Defense Date

2016

Document Type

Dissertation

Degree Name

Doctor of Philosophy

Department

Education

First Advisor

Dr. Kathleen Cauley

Abstract

This study examined relationships between college students’ writing achievement goal orientations, writing self-regulation, and writing grades. The study was conducted in a postsecondary setting at a large public university in the mid-Atlantic region of the United States. Using multivariate quantitative techniques (confirmatory factor analysis and structural equation modeling), survey and writing sample data were gathered to address the following research questions: Do college students’ writing achievement goals relate to their writing grades; do college students’ writing achievement goals relate to their writing self-regulation; and, does writing self-regulation partially mediate the relationship between writing achievement goals and writing grades in college writing classrooms? A convenience sample of 107 participants completed both the survey and writing prompt portions of the study. Findings showed that all three writing achievement goal orientations tested (mastery, performance-approach, and performance-avoidance) were related to college students’ writing self-regulation. However, only writing performance-approach orientation was related to college students’ writing grades.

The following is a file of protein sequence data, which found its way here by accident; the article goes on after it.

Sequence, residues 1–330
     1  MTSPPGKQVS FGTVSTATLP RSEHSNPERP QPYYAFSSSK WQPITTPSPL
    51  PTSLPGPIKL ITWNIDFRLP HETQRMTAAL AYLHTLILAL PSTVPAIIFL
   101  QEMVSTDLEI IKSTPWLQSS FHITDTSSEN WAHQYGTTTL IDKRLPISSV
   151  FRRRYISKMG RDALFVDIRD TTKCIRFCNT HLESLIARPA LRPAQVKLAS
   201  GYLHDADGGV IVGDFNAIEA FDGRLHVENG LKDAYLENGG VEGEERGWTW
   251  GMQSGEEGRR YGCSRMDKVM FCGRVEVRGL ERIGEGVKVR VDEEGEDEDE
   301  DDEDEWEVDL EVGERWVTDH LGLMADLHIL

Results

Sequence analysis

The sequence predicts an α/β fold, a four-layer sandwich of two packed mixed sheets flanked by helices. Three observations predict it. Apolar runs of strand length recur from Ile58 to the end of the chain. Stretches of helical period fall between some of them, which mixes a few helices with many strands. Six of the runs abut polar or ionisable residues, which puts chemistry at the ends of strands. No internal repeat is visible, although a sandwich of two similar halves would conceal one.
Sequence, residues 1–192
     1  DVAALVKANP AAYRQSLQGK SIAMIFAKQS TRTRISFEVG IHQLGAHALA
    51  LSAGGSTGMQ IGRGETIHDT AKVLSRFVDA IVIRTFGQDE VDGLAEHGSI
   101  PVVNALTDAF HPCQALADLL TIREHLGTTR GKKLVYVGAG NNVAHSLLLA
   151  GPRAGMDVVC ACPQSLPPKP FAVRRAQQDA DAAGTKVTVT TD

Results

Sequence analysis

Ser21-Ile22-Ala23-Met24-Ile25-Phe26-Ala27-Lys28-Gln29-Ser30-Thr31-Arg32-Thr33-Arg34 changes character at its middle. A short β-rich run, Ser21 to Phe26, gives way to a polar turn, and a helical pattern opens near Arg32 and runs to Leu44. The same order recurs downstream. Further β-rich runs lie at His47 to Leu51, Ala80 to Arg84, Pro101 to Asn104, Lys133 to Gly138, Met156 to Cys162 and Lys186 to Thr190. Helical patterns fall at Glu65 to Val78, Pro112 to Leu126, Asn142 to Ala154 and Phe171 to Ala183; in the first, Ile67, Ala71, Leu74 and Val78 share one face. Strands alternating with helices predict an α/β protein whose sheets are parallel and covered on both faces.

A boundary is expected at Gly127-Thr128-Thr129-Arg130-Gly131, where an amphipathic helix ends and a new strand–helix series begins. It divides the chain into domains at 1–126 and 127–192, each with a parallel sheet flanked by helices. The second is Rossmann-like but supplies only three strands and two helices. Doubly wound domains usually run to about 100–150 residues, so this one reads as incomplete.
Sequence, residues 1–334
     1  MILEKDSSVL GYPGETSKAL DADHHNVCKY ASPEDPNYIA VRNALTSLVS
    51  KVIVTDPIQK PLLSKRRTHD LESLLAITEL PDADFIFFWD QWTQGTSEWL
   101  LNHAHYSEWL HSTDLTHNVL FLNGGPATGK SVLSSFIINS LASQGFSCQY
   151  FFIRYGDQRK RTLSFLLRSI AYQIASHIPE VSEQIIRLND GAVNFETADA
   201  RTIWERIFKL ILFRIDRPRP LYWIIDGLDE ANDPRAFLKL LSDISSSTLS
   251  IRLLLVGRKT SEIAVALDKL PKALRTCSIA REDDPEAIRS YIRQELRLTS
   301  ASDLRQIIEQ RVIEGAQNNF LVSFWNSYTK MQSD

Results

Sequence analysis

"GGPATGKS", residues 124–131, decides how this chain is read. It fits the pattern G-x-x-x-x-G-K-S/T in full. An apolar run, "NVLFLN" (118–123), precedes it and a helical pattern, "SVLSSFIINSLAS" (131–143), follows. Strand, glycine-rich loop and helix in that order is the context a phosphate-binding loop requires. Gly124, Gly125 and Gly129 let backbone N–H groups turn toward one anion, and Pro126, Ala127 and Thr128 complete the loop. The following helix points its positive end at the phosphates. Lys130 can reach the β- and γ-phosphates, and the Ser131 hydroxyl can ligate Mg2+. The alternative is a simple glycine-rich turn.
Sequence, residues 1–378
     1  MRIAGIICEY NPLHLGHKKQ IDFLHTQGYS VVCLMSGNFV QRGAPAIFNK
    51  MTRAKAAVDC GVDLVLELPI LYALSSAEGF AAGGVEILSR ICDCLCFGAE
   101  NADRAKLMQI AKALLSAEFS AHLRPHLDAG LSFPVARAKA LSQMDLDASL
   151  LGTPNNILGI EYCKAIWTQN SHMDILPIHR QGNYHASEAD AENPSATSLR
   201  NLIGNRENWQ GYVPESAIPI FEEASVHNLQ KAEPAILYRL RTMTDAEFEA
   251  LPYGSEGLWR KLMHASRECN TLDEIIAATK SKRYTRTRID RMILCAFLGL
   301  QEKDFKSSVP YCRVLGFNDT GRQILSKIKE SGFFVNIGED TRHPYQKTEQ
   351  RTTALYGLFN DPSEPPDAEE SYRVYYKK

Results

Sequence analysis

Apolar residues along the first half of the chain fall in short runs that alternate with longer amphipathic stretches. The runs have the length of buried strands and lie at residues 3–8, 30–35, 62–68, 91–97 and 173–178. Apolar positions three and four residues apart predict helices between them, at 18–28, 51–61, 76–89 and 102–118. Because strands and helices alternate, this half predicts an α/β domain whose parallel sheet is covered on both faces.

Additionally, writing self-regualtion did not partially mediate the relationship between all three writing achievement goal orientations and writing grades as expected. Writing self-regulation did fully mediate the relationships between writing mastery and performance-avoidance goal orientations and writing grades, but failed to mediate the relationship between writing performance-approach goal orientation and writing grades. These findings contradict some of the prior literature on achievement goal orientations and self-regulation. However, these results help bridge a gap in the achievement goal orientation and self-regulation research, as prior studies have predominantly focused on PK-12 settings and domains other than writing (reading, mathematics, science, etc.). The findings from this study are limited by the size and nature of the sample, and the survey items used. Future studies should attempt to gather further insight into the goals college students set for their writing, how those goals impact their self-regulation behaviors, and ultimately their writing grades.

Rights

© The Author

Is Part Of

VCU University Archives

Is Part Of

VCU Theses and Dissertations

Date of Submission

11-23-2016

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